What Is a Rejection Letter?
A Rejection Letter is a typed or handwritten document sent to the applicant or candidate for a job position, higher education, or lease to inform them that they are no longer considered for the opportunity they were looking for.
Sometimes, even the best resumes and application packages sent by people with the great background can be rejected for a variety of reasons - maybe, you have already found another individual to do the job in question, there are no more available spots in your university, or you chose to enter a lease agreement with another person who was willing to comply with your personal requirements for the property in question. Either way, a personable and warm letter, probably even with helpful feedback and advice, sent to the individual that may have invested a lot of time and money into the application process will help cushion the blow since the rejection might be painful and unexpected.
Check out our library below to download printable Letter of Rejection templates and samples. You can choose a Rejection Letter template and customize it to fit the particular needs of your situation.
Rejection Letter Types
Although it is not required to send a Rejection Letter, consider doing it as a courtesy - it is important to maintain a professional and positive relationship because you never know whether you will deal with the candidate in the future, so a polite Rejection Letter is highly recommended. Choose a Rejection Letter template below and customize it to fit the particulars of your situation:
- College Rejection Letter. Notify the individual they will not be admitted to your educational institution and state the reason for that - perhaps, they did not pass the screening process or their application lacks the skills and experience you are currently looking for.
- Job Rejection Letter. Inform the applicant that you are not hiring them for the position they applied for. You can explain the reasons behind your judgment and praise their qualifications if you sincerely feel they can be a great fit for another company.
- Tenant Rejection Letter. If you found questionable information in the tenant's documentation or you just opted for another person, tell them you will not be leasing your premises to them.
How to Write a Rejection Letter?
Follow these steps to create a Letter of Rejection:
- Write the salutation and introduce yourself - enter your name and the name of the organization you represent.
- Thank the individual for the time and interest given to your organization or announcement.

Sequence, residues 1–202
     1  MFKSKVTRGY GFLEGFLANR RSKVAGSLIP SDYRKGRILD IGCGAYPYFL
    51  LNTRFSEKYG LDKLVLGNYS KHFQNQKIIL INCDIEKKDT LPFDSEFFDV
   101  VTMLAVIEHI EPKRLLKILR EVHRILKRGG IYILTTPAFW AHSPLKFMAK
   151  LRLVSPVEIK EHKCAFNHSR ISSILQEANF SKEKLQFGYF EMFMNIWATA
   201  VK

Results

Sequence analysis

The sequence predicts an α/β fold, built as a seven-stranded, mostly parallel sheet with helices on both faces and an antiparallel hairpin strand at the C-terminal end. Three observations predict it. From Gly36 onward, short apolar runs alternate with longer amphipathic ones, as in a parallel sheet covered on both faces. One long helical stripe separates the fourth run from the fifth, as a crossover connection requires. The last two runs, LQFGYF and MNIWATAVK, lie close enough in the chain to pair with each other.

- Indicate your decision to reject their request or application. Do not include vague language and expressions to avoid further inquiries in case you were not clear enough.
- Say supportive things to the individual who reached out. You can mention their education and extensive work experience that will attract the attention of other colleges, universities, or companies looking for employees.
- If you reject a lease application, tell the person who wrote you they have impressed you with the documentation they provided but you decided to choose another applicant and not because of some negative characteristics they may have described.
- End the letter with a note of thanks and a signature. Send this document as soon as the decision is made - the candidate may be anxiously awaiting your verdict, so do not make them wait too long.
How to Respond to a Rejection Letter?
Here are some tips for you to take into consideration when responding to a Rejection Letter:
- Even though you have received negative information, do not be frustrated - writing a Rejection Letter response is a great way to support a relationship with another party even though they rejected you;
- Thank the individual who took the time to write the letter for their consideration and a follow-up to your correspondence or interview;
- Tell them you have appreciated a chance to discover more about the company or educational institution;
- If you still have not found other options - a new job, apartment, or university - you can confirm your continued interest and offer to stay in contact;
- Do not forget to remain professional and polite - do not show your anger and resentment, especially when sending official correspondence. You should not take the negative decision personally - most likely, a letter you received was not personal, so do not be upset the person or organization that said "no" to you selected someone else.
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